On Granta, on Marquez, and on re-reading.
I came to know about Granta fairly recently. Growing up in Kerala I had never heard about it; even if I had I wouldn’t have called it a magazine. When I eventually found this publication, it blew my mind. It had one of the most versatile collection of artists. The only other magazine which impressed me so much was The Paris Review — you name an artist, there is an interview with them in it. But this story is not about The Paris Review, this is about Granta. Well, not all about Granta, but about Granta too.
I don’t subscribe to Granta, nor do I buy most of it. It’s an expensive magazine, so I usually buy an edition if someone suggests it or if I find some interesting article. So when a friend of mine suggested that I check out the Spring 2019 edition of Granta, I went about and bought it. It was their 40th anniversary edition, “a selection of fiction and essays published in the magazine between 1979 and 2013”; and what a collection it is! Kazio Ishiguro, Angela Carter, Bruce Chatwin, Amitav Ghosh, Ryszard Kapuscinski, and John Berger just to name a few. But the one which got my eye and the one which I finished reading the day I got the book was none of these — it was an article called ‘Dreams for Hire’ by Marquez which he wrote for Granta 41, Autumn 1992. And like anything Marquez, it was surreal. It was not fiction, mind you. It was reportage, and although I adore the fiction by Marquez, there is something so beautiful and melancholic about his reportage.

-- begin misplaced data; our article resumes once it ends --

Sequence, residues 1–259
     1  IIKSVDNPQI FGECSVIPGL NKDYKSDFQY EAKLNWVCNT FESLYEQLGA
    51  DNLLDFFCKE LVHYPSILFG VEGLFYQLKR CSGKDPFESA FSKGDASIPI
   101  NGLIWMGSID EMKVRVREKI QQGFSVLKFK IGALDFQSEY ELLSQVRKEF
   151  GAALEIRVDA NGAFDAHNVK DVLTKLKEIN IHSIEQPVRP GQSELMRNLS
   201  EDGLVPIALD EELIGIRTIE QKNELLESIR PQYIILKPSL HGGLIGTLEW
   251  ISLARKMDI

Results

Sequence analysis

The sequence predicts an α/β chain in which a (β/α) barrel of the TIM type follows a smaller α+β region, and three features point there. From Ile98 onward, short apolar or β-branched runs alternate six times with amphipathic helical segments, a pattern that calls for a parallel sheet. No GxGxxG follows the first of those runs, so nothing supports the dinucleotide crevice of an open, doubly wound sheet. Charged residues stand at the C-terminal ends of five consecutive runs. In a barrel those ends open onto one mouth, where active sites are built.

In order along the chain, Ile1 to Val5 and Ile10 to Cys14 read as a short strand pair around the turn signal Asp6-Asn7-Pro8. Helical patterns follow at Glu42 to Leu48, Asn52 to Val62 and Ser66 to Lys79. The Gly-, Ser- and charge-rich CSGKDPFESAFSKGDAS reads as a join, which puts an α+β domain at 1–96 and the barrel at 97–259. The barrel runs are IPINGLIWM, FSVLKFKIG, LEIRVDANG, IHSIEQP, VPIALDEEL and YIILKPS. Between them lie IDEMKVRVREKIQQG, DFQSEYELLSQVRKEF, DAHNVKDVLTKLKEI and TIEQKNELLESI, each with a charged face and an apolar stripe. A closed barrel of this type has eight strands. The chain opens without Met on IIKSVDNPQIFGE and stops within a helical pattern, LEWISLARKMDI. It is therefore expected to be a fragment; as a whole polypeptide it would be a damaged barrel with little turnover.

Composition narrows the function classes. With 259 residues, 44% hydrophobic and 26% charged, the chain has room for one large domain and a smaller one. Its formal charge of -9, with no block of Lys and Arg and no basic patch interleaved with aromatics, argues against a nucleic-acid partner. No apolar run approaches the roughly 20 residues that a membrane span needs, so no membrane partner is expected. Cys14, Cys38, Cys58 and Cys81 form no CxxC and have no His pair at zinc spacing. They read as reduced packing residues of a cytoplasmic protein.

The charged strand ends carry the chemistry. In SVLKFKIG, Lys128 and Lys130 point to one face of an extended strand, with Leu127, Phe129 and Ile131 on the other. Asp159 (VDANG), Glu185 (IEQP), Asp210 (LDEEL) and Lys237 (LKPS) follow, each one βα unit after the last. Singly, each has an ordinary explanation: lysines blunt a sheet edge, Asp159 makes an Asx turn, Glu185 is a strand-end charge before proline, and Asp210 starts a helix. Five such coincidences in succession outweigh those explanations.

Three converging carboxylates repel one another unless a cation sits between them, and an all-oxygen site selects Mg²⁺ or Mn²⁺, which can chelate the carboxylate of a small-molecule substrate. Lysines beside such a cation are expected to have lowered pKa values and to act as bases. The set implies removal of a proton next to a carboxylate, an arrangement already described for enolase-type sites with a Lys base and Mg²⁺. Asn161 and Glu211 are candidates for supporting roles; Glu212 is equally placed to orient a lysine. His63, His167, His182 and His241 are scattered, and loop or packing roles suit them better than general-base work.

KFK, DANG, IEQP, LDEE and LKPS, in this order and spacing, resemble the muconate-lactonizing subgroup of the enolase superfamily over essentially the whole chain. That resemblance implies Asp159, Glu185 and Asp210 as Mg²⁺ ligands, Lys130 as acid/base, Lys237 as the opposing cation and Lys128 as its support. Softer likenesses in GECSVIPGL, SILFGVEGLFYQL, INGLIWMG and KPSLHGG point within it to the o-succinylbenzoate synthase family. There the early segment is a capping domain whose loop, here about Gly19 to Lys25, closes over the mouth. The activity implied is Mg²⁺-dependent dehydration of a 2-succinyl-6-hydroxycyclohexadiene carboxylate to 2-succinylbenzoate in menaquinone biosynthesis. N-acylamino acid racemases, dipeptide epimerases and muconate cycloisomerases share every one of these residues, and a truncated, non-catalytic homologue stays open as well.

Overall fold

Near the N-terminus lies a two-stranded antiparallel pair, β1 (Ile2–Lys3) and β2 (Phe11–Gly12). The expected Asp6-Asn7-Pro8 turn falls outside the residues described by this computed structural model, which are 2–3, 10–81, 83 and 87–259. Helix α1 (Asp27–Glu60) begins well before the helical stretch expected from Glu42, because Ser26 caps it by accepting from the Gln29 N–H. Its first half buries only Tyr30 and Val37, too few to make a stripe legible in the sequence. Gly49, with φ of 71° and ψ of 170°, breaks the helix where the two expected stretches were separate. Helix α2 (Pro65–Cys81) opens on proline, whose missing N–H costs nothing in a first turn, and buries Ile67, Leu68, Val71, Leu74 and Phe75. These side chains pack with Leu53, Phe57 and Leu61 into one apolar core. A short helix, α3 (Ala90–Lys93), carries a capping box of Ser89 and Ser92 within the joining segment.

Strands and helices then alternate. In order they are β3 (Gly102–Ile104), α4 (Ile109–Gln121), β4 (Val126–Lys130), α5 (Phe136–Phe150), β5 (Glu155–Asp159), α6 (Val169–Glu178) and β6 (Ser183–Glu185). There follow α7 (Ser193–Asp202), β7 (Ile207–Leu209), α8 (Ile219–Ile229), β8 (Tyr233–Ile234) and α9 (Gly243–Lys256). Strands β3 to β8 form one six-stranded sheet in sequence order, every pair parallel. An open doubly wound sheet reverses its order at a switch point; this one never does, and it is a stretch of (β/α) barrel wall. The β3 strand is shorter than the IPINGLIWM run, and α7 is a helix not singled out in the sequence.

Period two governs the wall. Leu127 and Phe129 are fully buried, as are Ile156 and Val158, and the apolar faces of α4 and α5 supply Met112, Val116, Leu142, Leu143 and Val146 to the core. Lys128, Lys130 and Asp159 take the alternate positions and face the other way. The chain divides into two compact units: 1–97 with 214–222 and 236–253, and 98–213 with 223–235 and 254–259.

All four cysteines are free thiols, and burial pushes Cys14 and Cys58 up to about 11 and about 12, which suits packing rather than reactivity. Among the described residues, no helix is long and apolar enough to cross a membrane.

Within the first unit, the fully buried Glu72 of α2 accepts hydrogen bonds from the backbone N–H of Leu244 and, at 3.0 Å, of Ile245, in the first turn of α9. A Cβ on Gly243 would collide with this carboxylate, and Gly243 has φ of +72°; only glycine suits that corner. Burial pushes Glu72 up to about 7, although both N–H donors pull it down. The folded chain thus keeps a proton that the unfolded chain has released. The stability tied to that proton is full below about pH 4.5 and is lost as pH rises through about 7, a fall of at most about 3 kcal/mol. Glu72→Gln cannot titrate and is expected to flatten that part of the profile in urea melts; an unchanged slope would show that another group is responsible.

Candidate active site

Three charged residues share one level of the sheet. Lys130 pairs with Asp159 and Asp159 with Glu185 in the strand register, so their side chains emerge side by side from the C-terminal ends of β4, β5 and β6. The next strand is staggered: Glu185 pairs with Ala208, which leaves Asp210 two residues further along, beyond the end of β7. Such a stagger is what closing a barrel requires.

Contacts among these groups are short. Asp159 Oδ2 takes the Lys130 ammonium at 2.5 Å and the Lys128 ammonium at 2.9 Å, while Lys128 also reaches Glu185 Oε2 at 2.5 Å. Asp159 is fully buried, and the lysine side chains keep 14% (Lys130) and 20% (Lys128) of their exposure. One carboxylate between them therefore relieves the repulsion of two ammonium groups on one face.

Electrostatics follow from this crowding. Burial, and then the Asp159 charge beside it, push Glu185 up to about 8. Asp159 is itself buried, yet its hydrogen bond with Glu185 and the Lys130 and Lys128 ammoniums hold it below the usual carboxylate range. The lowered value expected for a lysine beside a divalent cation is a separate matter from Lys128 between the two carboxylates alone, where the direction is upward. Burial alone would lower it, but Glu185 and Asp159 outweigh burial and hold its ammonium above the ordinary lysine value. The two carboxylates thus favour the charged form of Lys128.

Marquez starts by narrating an incident of a terrifying wave that crashed on to the hotel in Havana where he was staying. He goes on to explain the scenes of chaos after the incident. Although it is not clear how many casualties resulted due to the monster wave, he does speak about one particular death — the death of a woman, who was wearing a peculiar ring, an Egyptian ring in the shape of a serpent with emeralds for eyes. He believes it to be a Colombian lady he had met in Vienna decades back. When he had asked her how she ended up so far from her home she told him that she “hires herself out to dream”. Marquez then goes on to narrate the story of this gypsy-like lady. He ends up finding out that most probably it was her body which they found that day.
Marquez, in an interview with Peter Green for The Paris Review, mentions a great technique he uses to make surreal and seemingly supernatural stuff look real to the reader. He says, “That’s a journalistic trick which you can also apply to literature. For example, if you say that there are elephants flying in the sky, people are not going to believe you. But if you say that there are four hundred and twenty-five elephants flying in the sky, people will probably believe you. One Hundred Years of Solitude is full of that sort of thing. That’s exactly the technique my grandmother used.” Marquez uses this technique throughout his works — be it fiction, non-fiction or reportage; and that makes him special in the world of magical realism. Take any of the big names in this genre from around the globe — Borges, Allende, Rushdie, OV Vijayan, Murakami — none of their works have the allure Marquez’s does. And it is this peculiar quality of his works that makes me want to re-read his works. If he can make facts look like fiction, without adding anything untrue, imagine what he can do with fiction?